The campaign has already begun, of course, with a salvo of pro-EU businessmen talking about the economic costs of disengaging from the EU. Their actions are what has prompted this article, as I do not wish to see their narrative become the dominant one. If the argument is once again reduced to economics it would represent a deceit about the true nature of the decision that we face. If the argument is centred upon national sovereignty then we will at least be able to say that whatever answer is given is a definitive one. After all, if the British people choose consciously to surrender their sovereignty then that will be that. We will, in practice, become the north-west provice of the European Union, no longer able to make our own choices in the world, which I would see as an immense tragedy and shame – but if that is what people choose, then so be it.

I have two grounds for hope that the national debate will indeed centre on questions of sovereignty, and not on questions of economics. The first is that I believe it to be unlikely that Cameron will be able to get anything substantial from his ‘negotiations’ with other European leaders. It is clear that they are trying to establish a stronger political centre for the EU in order to cope with the stresses and strains caused by the misconceived adoption of the single European Currency. As was predicted at the time, a single currency across different nations could only work if there was also a single political authority with the capacity to require fiscal transfers from one area to another. A currency union without such a political union to reinforce it was simply a recipe for disaster – a disaster that we are now seeing the shape of.

Which leads me to my second ground for hope. I do not believe that the situation in Greece is going to end very well, and it will demonstrate the political nature of the European Union in spectacular fashion. It is unconscionable for the Greek people to be immiserated as a result of decisions made by the political and financial elites in which they had no part. The crisis there – which will likely come to a head in the next few weeks when the Greek government declares bankruptcy – will show the political nature of the EU to anyone watching. It will be the moment when the mask slips and the underlying truth of the EU will emerge.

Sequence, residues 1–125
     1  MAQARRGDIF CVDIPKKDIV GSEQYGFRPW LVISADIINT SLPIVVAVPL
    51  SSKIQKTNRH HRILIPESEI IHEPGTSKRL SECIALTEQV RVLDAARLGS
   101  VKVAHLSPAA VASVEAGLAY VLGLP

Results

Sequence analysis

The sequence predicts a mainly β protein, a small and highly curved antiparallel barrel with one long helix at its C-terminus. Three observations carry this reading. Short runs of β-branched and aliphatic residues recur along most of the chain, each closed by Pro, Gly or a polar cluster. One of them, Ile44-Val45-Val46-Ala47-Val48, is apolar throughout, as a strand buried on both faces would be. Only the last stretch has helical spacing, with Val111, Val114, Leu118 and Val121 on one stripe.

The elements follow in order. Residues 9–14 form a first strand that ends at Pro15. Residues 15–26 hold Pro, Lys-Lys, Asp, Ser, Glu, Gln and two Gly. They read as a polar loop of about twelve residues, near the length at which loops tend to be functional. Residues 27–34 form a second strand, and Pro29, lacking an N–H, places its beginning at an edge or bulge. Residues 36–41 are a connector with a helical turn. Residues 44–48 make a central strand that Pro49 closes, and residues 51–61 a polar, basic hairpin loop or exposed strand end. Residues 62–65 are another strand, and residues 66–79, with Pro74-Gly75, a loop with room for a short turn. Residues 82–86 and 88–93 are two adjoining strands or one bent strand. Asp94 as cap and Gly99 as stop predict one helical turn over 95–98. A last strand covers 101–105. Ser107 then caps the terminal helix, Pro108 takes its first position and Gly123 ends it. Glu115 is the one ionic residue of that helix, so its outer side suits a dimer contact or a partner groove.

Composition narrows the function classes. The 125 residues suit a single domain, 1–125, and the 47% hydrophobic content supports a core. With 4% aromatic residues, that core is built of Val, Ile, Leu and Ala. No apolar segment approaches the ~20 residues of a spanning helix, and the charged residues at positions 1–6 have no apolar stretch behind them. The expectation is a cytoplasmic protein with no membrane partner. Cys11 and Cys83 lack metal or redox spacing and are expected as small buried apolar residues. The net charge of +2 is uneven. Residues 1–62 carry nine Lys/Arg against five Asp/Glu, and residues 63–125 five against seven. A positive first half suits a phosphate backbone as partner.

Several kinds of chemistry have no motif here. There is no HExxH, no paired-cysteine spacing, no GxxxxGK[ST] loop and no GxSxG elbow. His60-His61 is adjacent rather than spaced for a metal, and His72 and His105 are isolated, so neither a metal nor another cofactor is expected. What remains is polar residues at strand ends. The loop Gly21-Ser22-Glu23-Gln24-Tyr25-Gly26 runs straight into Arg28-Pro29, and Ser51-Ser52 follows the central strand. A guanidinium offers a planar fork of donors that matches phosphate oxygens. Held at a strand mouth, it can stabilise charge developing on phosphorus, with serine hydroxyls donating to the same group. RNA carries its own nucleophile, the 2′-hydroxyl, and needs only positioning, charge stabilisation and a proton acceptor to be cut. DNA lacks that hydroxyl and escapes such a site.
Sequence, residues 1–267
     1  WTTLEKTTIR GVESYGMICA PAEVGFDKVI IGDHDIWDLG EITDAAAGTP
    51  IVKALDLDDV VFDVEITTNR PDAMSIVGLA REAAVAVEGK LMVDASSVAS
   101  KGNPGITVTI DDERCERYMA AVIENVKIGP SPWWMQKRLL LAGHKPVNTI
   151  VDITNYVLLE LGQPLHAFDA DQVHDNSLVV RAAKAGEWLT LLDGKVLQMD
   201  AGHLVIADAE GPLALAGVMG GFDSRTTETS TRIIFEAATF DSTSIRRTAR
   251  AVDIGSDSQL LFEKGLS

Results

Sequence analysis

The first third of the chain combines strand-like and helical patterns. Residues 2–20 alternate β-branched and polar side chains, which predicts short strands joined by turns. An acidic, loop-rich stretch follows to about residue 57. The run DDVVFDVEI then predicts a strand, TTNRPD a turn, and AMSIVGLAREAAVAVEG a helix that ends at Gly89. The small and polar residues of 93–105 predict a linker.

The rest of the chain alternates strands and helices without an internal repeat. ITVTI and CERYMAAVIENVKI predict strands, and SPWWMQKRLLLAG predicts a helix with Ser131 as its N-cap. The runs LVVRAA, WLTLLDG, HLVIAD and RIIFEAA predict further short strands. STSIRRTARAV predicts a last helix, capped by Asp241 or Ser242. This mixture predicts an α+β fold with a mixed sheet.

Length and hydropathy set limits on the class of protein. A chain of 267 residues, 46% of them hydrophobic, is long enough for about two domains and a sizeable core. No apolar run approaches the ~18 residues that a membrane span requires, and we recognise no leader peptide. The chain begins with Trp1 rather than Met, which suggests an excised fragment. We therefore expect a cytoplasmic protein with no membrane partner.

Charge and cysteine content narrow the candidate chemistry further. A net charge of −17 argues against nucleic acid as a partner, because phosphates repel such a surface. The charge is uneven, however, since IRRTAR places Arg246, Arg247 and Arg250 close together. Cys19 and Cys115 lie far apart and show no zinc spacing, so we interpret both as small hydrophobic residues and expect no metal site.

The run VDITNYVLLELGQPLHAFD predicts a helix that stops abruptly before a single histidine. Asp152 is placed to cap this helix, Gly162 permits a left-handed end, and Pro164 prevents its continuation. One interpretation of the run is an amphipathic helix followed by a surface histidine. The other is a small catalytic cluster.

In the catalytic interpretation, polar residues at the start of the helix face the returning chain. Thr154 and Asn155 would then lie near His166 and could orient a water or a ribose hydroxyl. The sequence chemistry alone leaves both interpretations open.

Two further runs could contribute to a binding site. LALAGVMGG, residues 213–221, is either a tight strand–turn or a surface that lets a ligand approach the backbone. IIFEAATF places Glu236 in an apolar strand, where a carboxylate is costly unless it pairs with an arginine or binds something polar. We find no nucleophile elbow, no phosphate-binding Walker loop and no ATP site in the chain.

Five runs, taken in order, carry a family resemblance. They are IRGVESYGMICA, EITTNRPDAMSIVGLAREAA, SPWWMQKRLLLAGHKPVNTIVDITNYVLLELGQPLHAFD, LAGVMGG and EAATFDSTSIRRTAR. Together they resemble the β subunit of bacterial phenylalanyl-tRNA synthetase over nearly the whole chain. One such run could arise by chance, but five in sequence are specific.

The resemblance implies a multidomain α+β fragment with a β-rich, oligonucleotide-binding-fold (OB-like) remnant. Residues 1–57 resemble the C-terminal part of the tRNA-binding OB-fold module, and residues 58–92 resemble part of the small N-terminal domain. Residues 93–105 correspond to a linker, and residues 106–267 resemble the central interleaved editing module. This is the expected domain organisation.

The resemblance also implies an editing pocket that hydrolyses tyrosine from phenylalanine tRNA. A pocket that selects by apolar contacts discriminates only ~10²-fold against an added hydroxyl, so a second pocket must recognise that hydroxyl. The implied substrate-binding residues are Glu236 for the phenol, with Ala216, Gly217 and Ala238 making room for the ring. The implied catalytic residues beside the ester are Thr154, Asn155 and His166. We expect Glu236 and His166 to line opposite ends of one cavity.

We need to have a proper debate about the nature of the EU before the referendum, and that proper debate has to centre upon the political nature of the EU, not simply whether we will be better or worse off in a financial sense. We are worth more than that.

1 thought on “The principal deceit of the pro-EU campaign

  1. Without wishing to put it too bluntly, I’ve always experienced the EU as something of a bulwark against the uncompassionate Daily Mailism to which many governments of the British Isles seem perpetually drawn.

    If the EU was continually forcing us to be hostile to minorities (of whatever variety) then I too would of course be calling for a No vote in the referendum. But actually the EU has always felt more progressive than Britain, despite the success of some far right parties.

    I look askance at Russian-style nationalism merged with sub-Christian moralism and think ‘there but for the grace of the EU go we’.

    It’s a bit like being an LGBT person in the CofE, forever thanking God that our surrounding culture is there to hold back the Church’s exclusivist instincts.